The new funds will increase the Montana & Idaho CDC’s lending to startups and existing businesses that don’t qualify for all or part of needed financing through a bank.
Capital Matrix is a private, nonprofit corporation that is licensed and regulated by the U.S. Small Business Administration to administer the SBA 504 loan program. The Montana & Idaho CDC specializes in lending to businesses that are light on collateral or cash flow.
The loans range from $1,000 to $2 million and can be used for remodeling or purchasing real estate, inventory or equipment, for example. Loan clients also receive one-on-one technical assistance in financial management and other areas of business management.
Applying for credit has gotten easier since the recession. What to know before you borrow.
Need cash? Now might be a good time to apply for a small-business loan.
It’s a notoriously time-consuming and headache-inducing process, but it’s gotten better since the recession: Banks are gradually lending more, a crop of online lenders are offering much more credit–at a price–and regulators have been looking for ways to make it easier for you to get a loan. Which is not to say it’s completely easy or risk-free, especially if you’re applying to one of the newer fintech lenders.
“Right now is actually quite a good time for small businesses to borrow, but getting a loan that works for you and is affordable and has terms you can understand is still a challenge,” says Karen Mills, a former head of the Small Business Administration under President Obama and now a senior fellow at Harvard Business School.
In November, Mills and Brayden McCarthy, vice president of strategy at online lending startup Fundera, published “The State of Small Business Lending: Innovation and Technology and the Implications for Regulation,” a comprehensive look at the current market for small-business credit. What they found can help you figure out where to look for a loan, if and when you’re ready to expand your business.
The Slow, If Spotty, Recovery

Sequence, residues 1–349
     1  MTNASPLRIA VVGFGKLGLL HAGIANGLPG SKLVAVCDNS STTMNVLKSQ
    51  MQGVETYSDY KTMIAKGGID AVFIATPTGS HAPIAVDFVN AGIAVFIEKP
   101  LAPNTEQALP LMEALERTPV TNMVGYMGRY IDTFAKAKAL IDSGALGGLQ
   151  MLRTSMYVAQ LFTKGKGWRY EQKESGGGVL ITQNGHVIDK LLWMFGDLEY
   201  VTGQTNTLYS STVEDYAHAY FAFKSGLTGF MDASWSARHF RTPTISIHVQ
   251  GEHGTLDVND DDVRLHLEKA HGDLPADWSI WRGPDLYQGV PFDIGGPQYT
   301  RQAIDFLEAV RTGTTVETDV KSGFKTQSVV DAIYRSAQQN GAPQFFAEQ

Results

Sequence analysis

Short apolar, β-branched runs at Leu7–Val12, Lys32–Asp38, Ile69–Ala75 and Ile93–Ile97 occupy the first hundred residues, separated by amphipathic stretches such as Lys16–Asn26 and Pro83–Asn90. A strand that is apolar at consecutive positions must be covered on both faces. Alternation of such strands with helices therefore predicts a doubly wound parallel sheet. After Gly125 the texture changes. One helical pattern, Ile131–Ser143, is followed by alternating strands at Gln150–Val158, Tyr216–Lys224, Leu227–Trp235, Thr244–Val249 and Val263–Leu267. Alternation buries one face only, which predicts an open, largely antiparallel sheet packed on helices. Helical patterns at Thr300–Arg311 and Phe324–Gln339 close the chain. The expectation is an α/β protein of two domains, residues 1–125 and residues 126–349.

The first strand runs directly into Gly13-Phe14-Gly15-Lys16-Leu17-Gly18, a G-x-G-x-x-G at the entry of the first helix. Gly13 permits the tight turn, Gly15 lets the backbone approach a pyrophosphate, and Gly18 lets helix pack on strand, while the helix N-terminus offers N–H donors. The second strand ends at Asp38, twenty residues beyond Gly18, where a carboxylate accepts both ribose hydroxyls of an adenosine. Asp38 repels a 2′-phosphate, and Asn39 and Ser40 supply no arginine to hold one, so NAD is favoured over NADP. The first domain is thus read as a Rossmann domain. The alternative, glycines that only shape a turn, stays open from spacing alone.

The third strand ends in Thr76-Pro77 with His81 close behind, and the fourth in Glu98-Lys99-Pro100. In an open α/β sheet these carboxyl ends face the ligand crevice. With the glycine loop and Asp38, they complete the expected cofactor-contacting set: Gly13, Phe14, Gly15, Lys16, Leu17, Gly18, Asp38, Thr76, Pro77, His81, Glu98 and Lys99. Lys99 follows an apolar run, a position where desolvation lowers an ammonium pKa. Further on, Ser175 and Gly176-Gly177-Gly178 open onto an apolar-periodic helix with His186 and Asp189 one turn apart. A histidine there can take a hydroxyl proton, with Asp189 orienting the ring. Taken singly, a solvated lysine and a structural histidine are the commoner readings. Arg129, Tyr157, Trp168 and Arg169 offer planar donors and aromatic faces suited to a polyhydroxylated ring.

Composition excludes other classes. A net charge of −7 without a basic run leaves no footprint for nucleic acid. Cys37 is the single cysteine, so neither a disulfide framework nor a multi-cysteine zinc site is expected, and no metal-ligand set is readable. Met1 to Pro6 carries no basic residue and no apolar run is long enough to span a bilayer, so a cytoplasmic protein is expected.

The number of small-business loans fell dramatically during the recession, as big banks cut off credit to customers they considered risky and many smaller and regional banks that once lent to local business owners shut their doors. It’s better now. In 2016, eight years after the crash, 45 percent of small-business owners reported applying for credit, up from 22 percent in 2014, according to the Federal Reserve. As these two charts show, pessimism about the lending atmosphere is currently low–but getting all the money you need remains a problem.
Is Borrowing Harder or Easier?
Businesses that regularly borrow money report changes in their ability to get credit versus three months prior.
Small business loan approval rates at big banks increased by two-tenths of a percent to a post-recession high of 24.3% in April 2017, according to the latest monthly Biz2Credit Small Business Lending Index™.
While it is encouraging that nearly a quarter of small business loan requests are granted by the big banks, which typically offer the lowest rates, three-quarters are rejected. The approval rates are likely to continue climbing this year, thanks to confidence in the economy and more anticipated interest rate hikes by the Federal Reserve.
The Fed has laid the groundwork to build a strong lending environment, especially for mainstream lending institutions. Since most small business loans are tied to U.S. prime interest rates, there will be more incentives for banks to approve loan requests as lending in this sector is likely be more profitable.
The challenge is that while big banks have the most money to lend, they typically are the most stringent. Small business owners often complain that the banks are willing to lend to people who don’t really need the money. While this is not exactly true, banks can be tougher in their assessments, which is why they can offer the lowest rates in the first place. They are good at minimizing their risk.
Small banks are more likely to provide funding. According to Biz2Credit’s latest survey, small banks approve about half (49%, to be exact) of the financing requests they receive. They are increasingly offering SBA-backed loans, which help reduce lender risk.
While this news is good, the reality is that more than half of the small business owners who apply for loans will find one from a bank.